Welcome to Meros’s Update #26, covering 12/19/19 to 1/15/20! These last four weeks have involved implementing some of Meros’s more exciting features, as well as making the code base more accessible than ever before, and fixing bugs to ensure a clean launch.
One feature which we’ve been excited about for a while is RandomX. RandomX is a CPU-only mining algorithm which has been discussed and audited heavily over the past year to make sure it’s viable for use. Meros uses it as CPU mining is far more decentralized than ASIC mining, and even GPU mining, with decentralization being a hallmark of an open and secure system.
The next feature we implemented is our adjustable spam filter. The basic principal behind the filter is every transaction must have extra data attached which causes the hash to be greater than the set difficulty. While this idea has been established for years, most implementations have a fixed difficulty that requires hard forks to change. With Meros, Merit Holders can vote on this difficulty allowing real-time updates as needed to respond to attacks.
We also optimized Verifications even further! In our last update, we said we reduced their size by 33%. We’ve since made them another 16% smaller, for a total reduction of 44%. We’re very happy with these improvements and the long-term increase in TPS they’ll offer.
When it comes to making the code base accessible, we’ve moved our build process over to Nimble! Once Nim is installed, running
nimble build from inside the Meros repository will download all dependencies and build them automatically. This should allow even more people to participate in our Developer Testnets, which require participants to build their own binaries.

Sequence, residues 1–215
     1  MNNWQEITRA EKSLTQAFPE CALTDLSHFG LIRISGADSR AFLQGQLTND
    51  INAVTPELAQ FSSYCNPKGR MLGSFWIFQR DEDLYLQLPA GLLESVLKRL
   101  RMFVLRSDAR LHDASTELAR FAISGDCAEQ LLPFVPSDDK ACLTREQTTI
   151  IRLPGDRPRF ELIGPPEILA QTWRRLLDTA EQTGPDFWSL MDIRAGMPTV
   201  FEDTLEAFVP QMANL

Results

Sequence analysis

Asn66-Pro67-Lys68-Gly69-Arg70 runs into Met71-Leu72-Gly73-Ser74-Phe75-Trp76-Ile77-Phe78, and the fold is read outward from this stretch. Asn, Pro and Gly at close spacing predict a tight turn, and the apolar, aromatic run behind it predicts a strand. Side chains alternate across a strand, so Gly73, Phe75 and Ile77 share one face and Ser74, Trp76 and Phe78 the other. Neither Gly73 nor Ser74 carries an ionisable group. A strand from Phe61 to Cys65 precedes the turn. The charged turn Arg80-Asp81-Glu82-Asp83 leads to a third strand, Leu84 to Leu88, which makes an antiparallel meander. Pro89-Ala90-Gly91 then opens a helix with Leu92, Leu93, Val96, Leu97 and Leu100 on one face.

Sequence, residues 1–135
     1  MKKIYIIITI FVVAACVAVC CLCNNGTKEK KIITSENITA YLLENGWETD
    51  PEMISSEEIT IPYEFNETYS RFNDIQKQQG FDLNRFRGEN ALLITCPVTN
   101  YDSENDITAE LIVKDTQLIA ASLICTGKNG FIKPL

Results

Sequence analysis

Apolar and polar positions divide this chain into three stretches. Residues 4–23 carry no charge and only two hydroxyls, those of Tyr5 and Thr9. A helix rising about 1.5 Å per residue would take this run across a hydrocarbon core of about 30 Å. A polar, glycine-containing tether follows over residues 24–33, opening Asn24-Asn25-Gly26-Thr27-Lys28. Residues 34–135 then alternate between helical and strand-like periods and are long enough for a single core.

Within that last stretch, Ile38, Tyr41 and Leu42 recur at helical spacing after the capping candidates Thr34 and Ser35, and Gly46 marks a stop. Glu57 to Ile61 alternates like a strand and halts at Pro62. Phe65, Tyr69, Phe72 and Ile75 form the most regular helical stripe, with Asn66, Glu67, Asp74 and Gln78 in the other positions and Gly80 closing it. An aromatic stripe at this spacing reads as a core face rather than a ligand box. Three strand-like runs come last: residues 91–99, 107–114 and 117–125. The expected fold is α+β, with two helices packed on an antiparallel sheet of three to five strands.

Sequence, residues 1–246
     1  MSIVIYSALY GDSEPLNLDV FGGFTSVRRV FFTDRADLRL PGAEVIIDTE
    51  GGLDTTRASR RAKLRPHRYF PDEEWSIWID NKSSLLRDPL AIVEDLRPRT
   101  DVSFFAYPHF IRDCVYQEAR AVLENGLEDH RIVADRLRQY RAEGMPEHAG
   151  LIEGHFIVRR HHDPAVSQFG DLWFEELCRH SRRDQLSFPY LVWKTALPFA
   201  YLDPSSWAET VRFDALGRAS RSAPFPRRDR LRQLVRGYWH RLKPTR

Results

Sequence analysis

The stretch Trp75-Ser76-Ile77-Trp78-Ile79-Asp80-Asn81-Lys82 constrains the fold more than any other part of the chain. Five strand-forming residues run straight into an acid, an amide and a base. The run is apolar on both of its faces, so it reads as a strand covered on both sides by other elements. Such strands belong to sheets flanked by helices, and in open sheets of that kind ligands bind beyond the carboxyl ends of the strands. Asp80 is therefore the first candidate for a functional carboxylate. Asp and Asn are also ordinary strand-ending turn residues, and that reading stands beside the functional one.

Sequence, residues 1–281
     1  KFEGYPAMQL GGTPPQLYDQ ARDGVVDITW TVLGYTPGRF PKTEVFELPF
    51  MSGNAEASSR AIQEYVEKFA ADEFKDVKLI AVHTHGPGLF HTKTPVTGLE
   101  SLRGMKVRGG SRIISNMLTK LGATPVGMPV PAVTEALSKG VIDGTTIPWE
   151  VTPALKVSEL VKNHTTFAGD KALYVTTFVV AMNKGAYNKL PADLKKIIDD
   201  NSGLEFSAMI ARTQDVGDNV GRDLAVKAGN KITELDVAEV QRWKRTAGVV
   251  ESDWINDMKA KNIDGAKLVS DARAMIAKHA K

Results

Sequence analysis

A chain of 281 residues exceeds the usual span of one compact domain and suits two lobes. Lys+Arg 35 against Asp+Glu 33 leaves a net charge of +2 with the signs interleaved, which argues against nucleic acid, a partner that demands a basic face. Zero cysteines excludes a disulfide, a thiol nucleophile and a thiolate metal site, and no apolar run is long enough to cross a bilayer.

As for issues, the notable ones we’re fixed are issues #88, #114, and #115. Issue #88 detailed a bug in our block generation code, in which Meros would suggest mining an invalid Block. #114 involved invalid testing methodology which was causing failures. #115 was some frequently used code infrequently returning the wrong result.
Currently, we have two notable works in the pipeline. The first is Merit Removals, our automatic penalty system for malicious actors on the network. We’ve implemented them previously, yet during our No-Consensus-DAG branch, we changed the definition of a ‘malicious act’. This meant we had to temporarily remove them. We’re currently working on adding them back according to the current protocol.
The second is our next testnet! As we’ve stated before, before we launch Meros, the plan is to have an extended testnet to properly verify Meros’s functionality and security. While we’re not there yet, we do want to be able to demonstrate what we’ve been working on, as well as look for any existing bugs we don’t currently know about. Once Merit Removals are finished, we plan on hosting Developer Testnet 2 for anyone who wants to participate. We’re very excited to be able to work together with the community on improving Meros to be the best it can be.
That summarizes our work over the past weeks. As we’ve always said and will always say, we’re very excited for Meros’s future. We’ll make sure to update you with our progress soon.